For every job role there is a minimum rate of pay or salary which you are entitled to. Any figure under that minimum entitlement means you’re underpaid at work… you are entitled to that difference.
How do I check my minimum entitlements?
You can check your minimum entitlements through reviewing the specific modern award provisions for your industry or if you are not covered by an Award you will need to ensure that you are receiving the correct rate in accordance with the National Employment Standards. However, for most employees checking the legislation can be a little daunting given the volume of information that is available. In those instances, it would be useful to visit the Fair Work website where there is an interactive pay calculator which will provide you with the information you need. Once the correct entitlements are identified you will need to record your employment history including the exact period of time during which you were underpaid.
What action can I take against my employer?
Now that you have established you are being underpaid there are numerous courses of action you can undertake:
- A lot of the time underpayments are an inadvertent error by the employer. In those instances it would be best to politely bring the matter to your employer’s attention. You can also highlight the importance of keeping up-to-date with changes in the Modern Award. Your employer can then register with Fair Work to ensure that they receive information on the most up-to-date changes in relation to the relevant modern award or National Employment Standards.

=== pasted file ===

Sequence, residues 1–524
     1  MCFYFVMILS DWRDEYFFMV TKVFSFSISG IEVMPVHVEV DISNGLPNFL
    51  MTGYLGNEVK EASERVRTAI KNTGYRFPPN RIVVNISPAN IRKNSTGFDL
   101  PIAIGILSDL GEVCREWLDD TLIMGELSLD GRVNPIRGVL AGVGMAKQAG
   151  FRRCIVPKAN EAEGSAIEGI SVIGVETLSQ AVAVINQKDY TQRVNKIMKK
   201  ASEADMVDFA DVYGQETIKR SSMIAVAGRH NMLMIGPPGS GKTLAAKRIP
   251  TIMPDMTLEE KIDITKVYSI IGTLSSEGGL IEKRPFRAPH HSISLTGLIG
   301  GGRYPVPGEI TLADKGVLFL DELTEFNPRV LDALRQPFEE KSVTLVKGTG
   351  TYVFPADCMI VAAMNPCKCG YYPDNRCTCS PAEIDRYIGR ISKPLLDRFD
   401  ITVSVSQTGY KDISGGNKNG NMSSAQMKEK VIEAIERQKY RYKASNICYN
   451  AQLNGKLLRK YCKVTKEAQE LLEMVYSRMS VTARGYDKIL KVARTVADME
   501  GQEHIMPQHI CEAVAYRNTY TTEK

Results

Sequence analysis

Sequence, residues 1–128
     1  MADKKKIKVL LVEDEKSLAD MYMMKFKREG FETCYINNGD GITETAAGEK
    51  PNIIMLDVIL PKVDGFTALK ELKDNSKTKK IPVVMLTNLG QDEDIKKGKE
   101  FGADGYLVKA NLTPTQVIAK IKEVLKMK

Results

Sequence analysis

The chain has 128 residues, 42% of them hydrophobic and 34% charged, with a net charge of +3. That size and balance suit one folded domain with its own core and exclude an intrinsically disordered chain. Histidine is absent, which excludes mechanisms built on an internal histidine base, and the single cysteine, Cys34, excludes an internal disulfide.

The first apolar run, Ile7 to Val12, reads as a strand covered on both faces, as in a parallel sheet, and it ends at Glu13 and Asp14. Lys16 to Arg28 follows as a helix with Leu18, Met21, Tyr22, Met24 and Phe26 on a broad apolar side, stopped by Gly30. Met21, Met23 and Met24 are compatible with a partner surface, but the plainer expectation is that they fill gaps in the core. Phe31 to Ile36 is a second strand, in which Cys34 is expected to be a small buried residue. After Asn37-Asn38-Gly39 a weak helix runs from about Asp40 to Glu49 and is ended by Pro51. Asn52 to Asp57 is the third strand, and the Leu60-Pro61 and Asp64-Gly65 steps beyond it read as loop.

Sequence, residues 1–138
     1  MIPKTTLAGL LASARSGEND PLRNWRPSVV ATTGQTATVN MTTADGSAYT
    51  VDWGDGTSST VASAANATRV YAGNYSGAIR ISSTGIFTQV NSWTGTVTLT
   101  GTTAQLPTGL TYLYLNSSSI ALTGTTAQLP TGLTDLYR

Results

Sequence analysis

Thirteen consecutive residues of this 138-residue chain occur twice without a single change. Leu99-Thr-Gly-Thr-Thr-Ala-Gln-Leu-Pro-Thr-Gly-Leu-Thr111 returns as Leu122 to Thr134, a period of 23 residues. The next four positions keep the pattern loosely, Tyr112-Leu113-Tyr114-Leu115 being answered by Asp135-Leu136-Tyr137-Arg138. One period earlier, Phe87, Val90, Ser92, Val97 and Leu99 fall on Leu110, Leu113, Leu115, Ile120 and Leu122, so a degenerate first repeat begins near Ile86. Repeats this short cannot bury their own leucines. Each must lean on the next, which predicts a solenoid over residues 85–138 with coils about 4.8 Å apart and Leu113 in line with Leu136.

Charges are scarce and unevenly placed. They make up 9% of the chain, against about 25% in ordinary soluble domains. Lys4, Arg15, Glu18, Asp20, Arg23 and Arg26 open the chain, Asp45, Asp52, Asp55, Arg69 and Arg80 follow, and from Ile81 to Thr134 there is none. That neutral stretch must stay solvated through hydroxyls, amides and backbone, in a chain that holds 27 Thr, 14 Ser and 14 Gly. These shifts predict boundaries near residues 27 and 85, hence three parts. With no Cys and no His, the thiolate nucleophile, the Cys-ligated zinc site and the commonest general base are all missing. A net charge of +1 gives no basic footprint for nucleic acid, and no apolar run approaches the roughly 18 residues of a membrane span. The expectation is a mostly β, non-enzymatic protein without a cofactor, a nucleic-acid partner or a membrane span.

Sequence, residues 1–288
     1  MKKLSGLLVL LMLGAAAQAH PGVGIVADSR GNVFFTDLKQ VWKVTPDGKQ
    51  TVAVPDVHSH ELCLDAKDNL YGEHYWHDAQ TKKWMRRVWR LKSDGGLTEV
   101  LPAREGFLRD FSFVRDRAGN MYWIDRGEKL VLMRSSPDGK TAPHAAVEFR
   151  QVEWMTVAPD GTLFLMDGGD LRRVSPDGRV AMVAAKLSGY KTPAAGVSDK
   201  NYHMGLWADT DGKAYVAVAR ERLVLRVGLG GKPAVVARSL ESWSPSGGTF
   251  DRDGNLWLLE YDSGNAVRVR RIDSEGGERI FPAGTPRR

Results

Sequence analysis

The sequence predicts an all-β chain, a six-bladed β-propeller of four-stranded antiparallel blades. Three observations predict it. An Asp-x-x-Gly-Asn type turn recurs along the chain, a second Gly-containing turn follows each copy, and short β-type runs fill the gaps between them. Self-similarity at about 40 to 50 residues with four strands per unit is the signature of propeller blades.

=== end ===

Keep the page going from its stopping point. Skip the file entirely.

- If your employer chooses not to comply with your request it will then be necessary to write a formal letter of demand specifying the exact amount you are owed.
- In circumstances where your employer remains unresponsive, then lodging an application with the Fair Work Ombudsman will be required.
- If all else fails, then you are entitled to pursue the outstanding monies through the courts.
The Fair Work Ombudsman is a good avenue to pursue as it is free and accessible to all individuals. However, in our experience it generally takes a while for the complaint to be fully resolved. In contrast, we have found that sending a formal letter of demand on behalf of our client directly to their employer procures a faster response and resolves the issue far more effectively. If you believe you are being underpaid at work, please contact JFMLAW and we will assist you in identifying your exact entitlements as well as advising you on the best course of action.
John Morrissey has been a practising Sydney solicitor for 30 years, and for the past 20 a sole practitioner and the principal at JFMLAW.
His main focus employment law, advising small to medium-sized firms and their employees of their rights and obligations.
For many years he was a lecturer at UTS to students obtaining Masters in Human Resources Management with a focus on performance management and creating a culture of delivery in workplaces. John has acted for a significant number of employers, not only in developing a performance based culture in the workplace but also solving particular problems that arise relating to unfair dismissal, contract disputes, improper use of intellectual property or other property as well as enforcements of restraints of trade.
John is very happy to speak to any employer who has an issue on a free of charge basis by a phone call. Please feel free to ring John at anytime up to 6pm most days.
Latest posts by John Morrissey (see all)
- Are you being underpaid at work? - May 10, 2018
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